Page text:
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Re: priq and bandwidth definition



On Sat, Oct 01, 2005 at 06:53:12PM -0400, Matt Van Mater wrote:
> I have a similar setup to what Daniel specifies in
> http://www.benzedrine.cx/ackpri.html but have a nagging question that
> I haven't been able to find an answer for.
> 
> Why do you need to specify bandwidth on the parent queue in order for
> the prioritizations to work correctly?
  queueing is only able to queue when there's a queue.  there won't
  be (much of) a queue unless the traffic is traversing an interface
  slower then the rate at which it wants to.
  if i had fourteen arms(and a hand on each), and my purpose in life 
  was to carry different coloured blocks from A to B, and i had a traffic
  shaping mechanism by which i would prioritize one colour of block over
  an other (let's say yellow gets high priority, then blue, then black
  gets lowest), and one yellow and one blue block comes in for me
  to pick up, it doesn't matter what the priority is because i have
  12 more arms who aren't used.  my limbs aren't congested, and
  i will be able to deliver the blocks from A to B as quick as my 
  feet can move me.
  if 14 blocks come in, it still doesn't matter, because there
  are no blocks which i have to choose to leave behind; even
  if there are 4 yellow, 5 blue and 5 black, doesn't matter, 
  they all go from A to B at the same rate.
  if 20 blocks come in for me to move, then i have an opportunity
  to prioritize.  if 10 blocks are blue, 4 are yellow and 6 are black,
  i am going to leave those 6 black blocks behind, take the 4 yellow
  and 10 blue with me from A to B, dump them, come back, and 
  then if the number of blocks waiting for me is > 14 again (including
  the 6 old black ones ), then i prioritize again.  if the total
  number of blocks is <= 14, i just pick 'em all up and take 'em.
> Shouldn't the packet scheduler
> always transmit higher priority packets before lower priority packets
> regardless of the bandwidth cap that is specified? 
  i believe that in the general case, or at least in altq, the
  answer is no.
> In my situation,
> the 'lowdelay' SSH sessions are unbearably slow unless I set my
> bandwidth down to 300Kb.  Of course this solves the problem of poor
> interactive SSH performance, but it means I am sacrificing ~200Kb of
> potential speed in order to attain that.
  bandwidth and delay are coupled in priq and cbq schedulers; if
  you need them to be uncoupled, examine hfsc ( it is possible to 
  setup hfsc to be real darn close to priq or real darn close to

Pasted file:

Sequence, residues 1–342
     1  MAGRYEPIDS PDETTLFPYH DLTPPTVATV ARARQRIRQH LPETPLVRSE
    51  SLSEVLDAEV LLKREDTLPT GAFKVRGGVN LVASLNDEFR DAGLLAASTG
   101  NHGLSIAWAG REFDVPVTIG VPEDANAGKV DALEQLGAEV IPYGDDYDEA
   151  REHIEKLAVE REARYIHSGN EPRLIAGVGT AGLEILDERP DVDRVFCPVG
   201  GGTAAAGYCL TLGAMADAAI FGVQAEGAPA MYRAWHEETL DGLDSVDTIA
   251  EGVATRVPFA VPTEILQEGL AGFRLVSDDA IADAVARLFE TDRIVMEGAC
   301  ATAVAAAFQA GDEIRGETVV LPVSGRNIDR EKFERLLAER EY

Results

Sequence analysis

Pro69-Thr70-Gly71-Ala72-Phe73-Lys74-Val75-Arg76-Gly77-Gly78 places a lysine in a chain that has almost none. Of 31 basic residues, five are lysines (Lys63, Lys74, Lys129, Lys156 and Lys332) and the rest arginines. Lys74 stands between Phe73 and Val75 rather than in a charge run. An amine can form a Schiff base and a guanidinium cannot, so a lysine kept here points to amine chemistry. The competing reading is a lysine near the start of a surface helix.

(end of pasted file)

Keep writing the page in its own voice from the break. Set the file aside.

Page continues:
cbq, and then have one or two queues which take advantage of
  hfsc's properties ).
  priq will obey you.  if you set two queues, HI and LO, and
  all the data coming in to HI is enough to fill the pipe, 
  LO will not be serviced until there is room.
  for a simple test, make two queues, one for default and one
  for ICMP; set default higher priority, and set the altq
  bandwidth to something real low, so that you can test it 
  easily (~32Kb or so).  might as well do this on your
  interface between the openbsd and your LAN, so you can be
  sure you can saturate the link with whatever you set altq
  bandwidth to.
  then start something that eats a lot of bandwith; run 
  worms(6) over ssh a couple of times, open up chargen in inetd,
  do an ftp, netcat /dev/zero on one host to /dev/null on another,
  etc.
  then try pinging the openbsd machine.
  if you setup your queues right, you will not get a reply
  until you stop that other traffic enough so that there is
  bandwidth available for the outgoing echo reply.
  can't explain specifically to you why the ssh is slow unless
  you set the cap down, without seeing the rulset/altq declaration,
  which the example below seems to be a theoretical one and
  not what you're using (?) 
 
> The parser accepts the following lines
> 
> altq on $ext_if priq queue {default, torrent}
>    queue default priority 15 priq (default)
>    queue torrent priority 1 priq (red)
> ..
> pass out quick on $ext_if from any to any keep state queue (torrent, default)
> 
> and the documentation says that if a limit is not specified, it will
> simply use the maximum rate of the interface specified (which I think
> is translated into 100 mbit in my case).  This interface connects to a
> cable modem that has roughly 4mbit down so of course that 100 mbit
> assumption isn't quite right.
  100 mbit isn't an assumption
  it's the linkspeed of that interface (ethernet between you and
  cable modem)
  also, the download capper between the ISP and you is not the
  issue here.  you could have 44Mb/s download and it won't
  change your scenario as pf sees it; the upload you expect between
  you and the ISP is what you should be concerned with.
  the altq bandwidth is, going along with my crappy hindu god
  analogy up top, setting the number of arms you have.
> I have tried the other schedulers, but can't think of why a simple
> weighted queueing shouldn't work for me.  Can anyone explain this to
> me?
 
  sounds like you have 6 black blocks waiting at point A while
  > 14 blue or yellow ones keep coming in.
  jared
 
-- 
[ openbsd 3.8 GENERIC ( sep 10 ) // i386 ]